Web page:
TL;DR: both, so long as they achieve their objectives.
This is actually a terrible question. However, it showed up in an AdWords search query report so someone is wondering. And if one person is wondering, well, more than one person is wondering. So, here are a few things to think about.
I deplore questions like these.
The reason that questions like this tend to make me wince is that I know the questioner wants a simple, straightforward answer. And for those without the patience to understand, the simple answer is to choose what works. But that’s not very helpful.
Arguments for SEO
Here’s a thing: you can’t avoid SEO.
If people go to Google to look you up, then “you should choose SEO.” In fact, those people have already made the decision for you.
“Choosing” not to do SEO is like choosing not to have an address or phone number. You’re just making it harder for the people who are looking for you, to find you.
Admittedly, doing “table stakes” SEO to appear prominently when people search your name is not the same as comprehensive organic search marketing that earns meaningful attention from people who aren’t looking for you specifically.
Nonetheless, completely ignoring SEO is a poor choice.
Furthermore, SEO is a long-term investment in your business. Conversely, PPC is renting attention. By definition, with PPC you pay for every single click. In legal, these clicks can cost hundreds of dollars.
With SEO, technically, the only things you need to pay for are domain registration and hosting. Of course, the main costs are in the time it takes to publish and market your pages.
But let’s face it, in competitive spaces, it takes a lot of work and know-how to create pages and then get people to link to, talk about, and share them.
Arguments for PPC
In case you don’t know, PPC (pay-per-click, paid search advertising / marketing) involves paying for advertising by the click. It’s most commonly used to refer to paid search engine advertising (i.e AdWords).
Again, if people look you up online, PPC advertising is worth considering. The obvious difference between SEO and PPC search advertising is the first “P” in PPC: Pay.
PPC = Paying search engines for ad placement.
SEO = Earning positions in search engines for which you can’t pay the search engine.
PPC campaigns, or paid search media campaigns, if you prefer, go-live almost as soon as you launch a campaign. That means that your target audience starts seeing your ads almost immediately. This is one of the biggest differences between SEO and paid search. SEO takes time. Anyone who tells you differently isn’t being completely forthright.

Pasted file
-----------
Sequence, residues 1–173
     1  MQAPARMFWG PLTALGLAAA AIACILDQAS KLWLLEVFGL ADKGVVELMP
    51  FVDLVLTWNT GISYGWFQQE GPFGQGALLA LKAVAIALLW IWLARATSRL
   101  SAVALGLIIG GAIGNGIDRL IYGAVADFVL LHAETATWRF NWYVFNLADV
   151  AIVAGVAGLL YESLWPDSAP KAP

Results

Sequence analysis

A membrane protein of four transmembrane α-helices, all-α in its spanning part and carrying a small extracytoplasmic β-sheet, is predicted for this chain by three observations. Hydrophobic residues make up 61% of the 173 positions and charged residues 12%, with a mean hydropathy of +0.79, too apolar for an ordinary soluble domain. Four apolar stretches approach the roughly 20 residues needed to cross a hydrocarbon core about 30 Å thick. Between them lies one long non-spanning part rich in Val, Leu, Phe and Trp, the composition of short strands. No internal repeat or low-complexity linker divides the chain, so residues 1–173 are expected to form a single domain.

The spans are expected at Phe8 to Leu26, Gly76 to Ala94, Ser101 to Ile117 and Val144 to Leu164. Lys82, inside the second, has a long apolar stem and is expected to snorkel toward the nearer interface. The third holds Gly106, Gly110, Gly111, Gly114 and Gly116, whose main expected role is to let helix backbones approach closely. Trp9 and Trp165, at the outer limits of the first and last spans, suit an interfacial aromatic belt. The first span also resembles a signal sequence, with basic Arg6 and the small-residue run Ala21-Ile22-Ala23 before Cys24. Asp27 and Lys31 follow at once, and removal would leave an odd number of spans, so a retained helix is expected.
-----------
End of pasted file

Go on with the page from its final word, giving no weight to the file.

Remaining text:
PPC campaigns give you much more control over your messaging. AdWords advertisers can exercise control over:
- The searches for which their ads appear.
- The ad copy or messaging of their ads.
- The URLs and sitelinks that appear in their ads.
- A bunch of other extensions and enhancements.
SEO is much more about providing signals to search engines to influence how page are shown in organic results. In other words, you have a lot less control.
PPC campaigns lend themselves to much more granular measurement and analysis. For example, Google gives you keyword data for AdWords campaigns, but does not give you this same data for SEO in Google Analytics (yes, they give some data in Search Console, but it’s simply not the same).
With PPC campaigns you can analyze which keyword, ad, and landing page combinations are generating the best results for your firm. In other words, which combinations are converting to legal fees.
With SEO, you can do some of this, but it’s a much lighter, less granular version.
Why Do Both?
We’ve found that some of our best results come from SEO and PPC campaigns working together. For example, we use PPC keyword data to inform our SEO strategy. After all, being able to build content around keywords that we know convert from paid search, helps us iterate a lot faster. Likewise, we can use our SEO strategy to harvest keyword ideas for our paid search campaigns. By identifying queries from Google Search Console for which there are a lot of relevant impressions, but for which we hold low positions, we can boost our visibility with that audience with paid search.
In any event, you should not view SEO and PPC as an either or proposition. Instead, you should identify whether they are working. As in, are they generating the types of clients you want within your target cost per client framework.
Recently, I’ve noticed more online legal marketing vendors suggesting paid search campaigns without complementary organic strategies. There are reasons for why the vendors are making this switch, but that’s the subject for another post. If you’re considering working with a digital agency, ask them about both SEO and PPC. If they’re downplaying the relative value of either, I suggest you may have to keep looking.